exogenous, intracerebral, intraventricular etc.

F. Frank LeFever flefever at ix.netcom.com
Sun Feb 23 20:04:06 EST 1997


In <5eetgh$90d at newsgate.duke.edu> <stump002 at acpub.duke.edu> writes: 
>
>Hi Frank,
>
>	Please give me a little advice. My last three blood tests
indicated 
>that I didn't have any sodium in my blood. My doctors were very upset.

>I'm not a doctor and have a very limited medical understanding. Why is

>sodium so important to have in one's blood. 
>
>Thank you,
>
>Tom Lockwood 
>
>
Are you sure he said "sodium" ?  ONLY sodium?  not
"sodium--something-or-other"??

Are you sure he said "NO sodium"?  or did he say "not enough sodium"??

Why is it important?  The LONG answer is very long (and I don't know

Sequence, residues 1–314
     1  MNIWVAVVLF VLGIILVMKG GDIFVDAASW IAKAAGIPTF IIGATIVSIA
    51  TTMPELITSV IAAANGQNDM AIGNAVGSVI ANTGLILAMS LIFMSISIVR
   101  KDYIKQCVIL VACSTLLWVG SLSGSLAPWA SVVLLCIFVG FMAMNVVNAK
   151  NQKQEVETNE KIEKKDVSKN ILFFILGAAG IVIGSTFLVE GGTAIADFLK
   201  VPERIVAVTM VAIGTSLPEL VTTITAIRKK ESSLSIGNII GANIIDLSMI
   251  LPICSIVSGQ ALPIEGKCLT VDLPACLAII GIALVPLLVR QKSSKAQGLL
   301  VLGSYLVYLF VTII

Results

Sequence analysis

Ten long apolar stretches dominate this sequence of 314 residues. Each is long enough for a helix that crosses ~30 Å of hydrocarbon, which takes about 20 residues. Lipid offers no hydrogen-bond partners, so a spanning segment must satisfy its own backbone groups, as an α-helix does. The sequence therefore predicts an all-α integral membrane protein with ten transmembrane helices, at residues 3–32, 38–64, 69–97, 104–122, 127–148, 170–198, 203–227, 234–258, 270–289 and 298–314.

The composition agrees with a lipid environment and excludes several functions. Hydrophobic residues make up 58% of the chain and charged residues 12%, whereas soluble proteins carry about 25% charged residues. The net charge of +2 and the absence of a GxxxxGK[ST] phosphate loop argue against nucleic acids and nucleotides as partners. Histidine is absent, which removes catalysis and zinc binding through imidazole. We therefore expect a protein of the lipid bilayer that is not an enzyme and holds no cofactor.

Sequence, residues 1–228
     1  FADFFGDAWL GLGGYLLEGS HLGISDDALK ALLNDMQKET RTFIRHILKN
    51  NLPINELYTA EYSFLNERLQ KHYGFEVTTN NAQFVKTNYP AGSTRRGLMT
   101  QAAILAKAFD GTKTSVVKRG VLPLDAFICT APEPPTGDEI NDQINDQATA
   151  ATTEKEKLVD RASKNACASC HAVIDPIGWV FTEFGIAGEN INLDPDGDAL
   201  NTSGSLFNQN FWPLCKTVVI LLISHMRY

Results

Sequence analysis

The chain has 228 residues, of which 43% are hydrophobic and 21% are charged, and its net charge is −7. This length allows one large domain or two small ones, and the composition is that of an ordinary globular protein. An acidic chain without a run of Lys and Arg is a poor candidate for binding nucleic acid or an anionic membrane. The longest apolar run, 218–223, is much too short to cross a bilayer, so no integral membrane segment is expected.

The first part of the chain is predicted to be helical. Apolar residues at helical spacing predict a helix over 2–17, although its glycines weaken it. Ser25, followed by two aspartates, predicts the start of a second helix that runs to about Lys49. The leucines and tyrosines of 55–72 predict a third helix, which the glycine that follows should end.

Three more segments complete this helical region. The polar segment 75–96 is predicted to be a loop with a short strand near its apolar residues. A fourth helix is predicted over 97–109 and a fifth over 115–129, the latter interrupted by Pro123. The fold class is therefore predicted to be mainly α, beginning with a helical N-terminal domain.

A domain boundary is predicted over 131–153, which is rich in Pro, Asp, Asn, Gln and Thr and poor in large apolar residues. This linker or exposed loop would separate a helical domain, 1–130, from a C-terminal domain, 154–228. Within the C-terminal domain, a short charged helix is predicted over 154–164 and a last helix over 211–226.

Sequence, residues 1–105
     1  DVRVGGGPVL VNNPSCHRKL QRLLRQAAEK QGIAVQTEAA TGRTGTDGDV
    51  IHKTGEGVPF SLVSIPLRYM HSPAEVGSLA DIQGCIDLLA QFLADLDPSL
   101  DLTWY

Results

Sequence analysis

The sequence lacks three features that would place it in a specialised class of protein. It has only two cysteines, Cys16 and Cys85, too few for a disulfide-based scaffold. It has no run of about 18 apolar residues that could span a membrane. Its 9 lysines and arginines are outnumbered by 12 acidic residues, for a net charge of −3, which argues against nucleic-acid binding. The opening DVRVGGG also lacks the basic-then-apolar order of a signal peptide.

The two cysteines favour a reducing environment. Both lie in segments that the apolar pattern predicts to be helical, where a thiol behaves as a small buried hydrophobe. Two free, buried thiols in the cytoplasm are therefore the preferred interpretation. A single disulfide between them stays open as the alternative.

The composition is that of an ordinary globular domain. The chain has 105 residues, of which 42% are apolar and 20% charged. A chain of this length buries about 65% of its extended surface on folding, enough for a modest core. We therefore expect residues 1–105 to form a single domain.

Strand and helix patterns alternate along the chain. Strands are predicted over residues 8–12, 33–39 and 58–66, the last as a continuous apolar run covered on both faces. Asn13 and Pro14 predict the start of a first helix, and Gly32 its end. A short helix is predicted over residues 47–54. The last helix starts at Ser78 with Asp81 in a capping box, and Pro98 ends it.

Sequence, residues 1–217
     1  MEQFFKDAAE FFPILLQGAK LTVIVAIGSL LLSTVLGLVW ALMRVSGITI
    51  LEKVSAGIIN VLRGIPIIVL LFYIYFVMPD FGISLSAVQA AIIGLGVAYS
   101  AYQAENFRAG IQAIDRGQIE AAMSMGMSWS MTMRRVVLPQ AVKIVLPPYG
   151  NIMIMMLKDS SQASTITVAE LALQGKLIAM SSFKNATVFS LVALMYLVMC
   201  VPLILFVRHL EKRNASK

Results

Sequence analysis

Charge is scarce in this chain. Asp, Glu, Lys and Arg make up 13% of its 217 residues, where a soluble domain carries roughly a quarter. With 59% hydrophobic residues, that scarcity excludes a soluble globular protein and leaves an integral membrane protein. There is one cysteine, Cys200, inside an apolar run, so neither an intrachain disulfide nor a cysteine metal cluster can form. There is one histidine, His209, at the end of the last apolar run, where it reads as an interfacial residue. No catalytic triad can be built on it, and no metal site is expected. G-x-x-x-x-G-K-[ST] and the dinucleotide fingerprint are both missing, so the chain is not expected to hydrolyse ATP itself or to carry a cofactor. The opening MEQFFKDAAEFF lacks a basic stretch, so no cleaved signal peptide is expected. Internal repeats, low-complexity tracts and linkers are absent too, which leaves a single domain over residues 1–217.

much of it; important role in nerve activity, etc.).  The SHORT answer
is: you would be dead if you really did not have any sodium in your
blood.

Did he say anything about diabetes insipidus?  did he say sodium was
the only electrolyte that was low?  (e.g. what about potassium?)
Did he talk about diabetes insipidus?  did he talk about GatorAde?

Most Americans have the opposite problem: too much sodium, mostly from
too much sodium chloride (i.e. "salt") in their food.  Can contribute
to high blood pressure.

Frank LeFever
New York Neuropsychology Group



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